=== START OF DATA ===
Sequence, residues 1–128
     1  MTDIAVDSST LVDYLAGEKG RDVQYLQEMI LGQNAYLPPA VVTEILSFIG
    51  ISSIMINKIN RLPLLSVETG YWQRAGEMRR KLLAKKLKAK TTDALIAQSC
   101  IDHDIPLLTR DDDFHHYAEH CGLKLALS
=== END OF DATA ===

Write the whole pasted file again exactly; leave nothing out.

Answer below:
Sequence, residues 1–128
     1  MTDIAVDSST LVDYLAGEKG RDVQYLQEMI LGQNAYLPPA VVTEILSFIG
    51  ISSIMINKIN RLPLLSVETG YWQRAGEMRR KLLAKKLKAK TTDALIAQSC
   101  IDHDIPLLTR DDDFHHYAEH CGLKLALS